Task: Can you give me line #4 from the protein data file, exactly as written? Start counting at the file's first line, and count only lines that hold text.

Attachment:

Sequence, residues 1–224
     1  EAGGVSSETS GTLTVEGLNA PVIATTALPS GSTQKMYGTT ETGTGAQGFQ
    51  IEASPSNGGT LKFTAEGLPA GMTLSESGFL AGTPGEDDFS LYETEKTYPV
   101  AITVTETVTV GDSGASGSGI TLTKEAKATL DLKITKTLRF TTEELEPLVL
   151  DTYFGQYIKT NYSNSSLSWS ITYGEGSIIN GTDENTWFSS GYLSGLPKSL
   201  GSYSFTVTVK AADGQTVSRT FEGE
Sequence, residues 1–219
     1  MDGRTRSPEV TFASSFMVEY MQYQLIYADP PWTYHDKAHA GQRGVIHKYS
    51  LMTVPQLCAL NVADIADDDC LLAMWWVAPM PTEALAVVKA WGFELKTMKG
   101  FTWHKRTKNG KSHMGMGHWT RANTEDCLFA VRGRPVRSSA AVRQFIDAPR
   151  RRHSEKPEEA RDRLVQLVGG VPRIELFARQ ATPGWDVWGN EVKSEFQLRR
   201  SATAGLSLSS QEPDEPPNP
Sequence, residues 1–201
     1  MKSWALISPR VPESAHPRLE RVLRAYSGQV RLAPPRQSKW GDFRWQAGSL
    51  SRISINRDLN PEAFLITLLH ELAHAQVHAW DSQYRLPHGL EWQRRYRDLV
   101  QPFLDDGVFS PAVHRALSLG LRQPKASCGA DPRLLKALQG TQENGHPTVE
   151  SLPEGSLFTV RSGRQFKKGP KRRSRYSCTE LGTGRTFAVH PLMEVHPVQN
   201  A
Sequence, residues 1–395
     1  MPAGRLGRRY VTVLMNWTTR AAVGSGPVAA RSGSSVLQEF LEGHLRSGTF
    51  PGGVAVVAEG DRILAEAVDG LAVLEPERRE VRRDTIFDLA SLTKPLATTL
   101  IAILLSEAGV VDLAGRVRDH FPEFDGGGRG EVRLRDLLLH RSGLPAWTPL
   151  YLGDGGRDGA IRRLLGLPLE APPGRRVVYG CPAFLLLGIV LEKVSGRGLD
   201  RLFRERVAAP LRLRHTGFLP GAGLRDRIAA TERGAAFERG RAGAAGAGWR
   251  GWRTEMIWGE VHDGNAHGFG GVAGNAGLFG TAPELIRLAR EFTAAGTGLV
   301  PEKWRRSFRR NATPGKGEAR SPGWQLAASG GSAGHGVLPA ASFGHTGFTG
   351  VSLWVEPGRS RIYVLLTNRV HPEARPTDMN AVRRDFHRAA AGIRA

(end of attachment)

   101  AITVTETVTV GDSGASGSGI TLTKEAKATL DLKITKTLRF TTEELEPLVL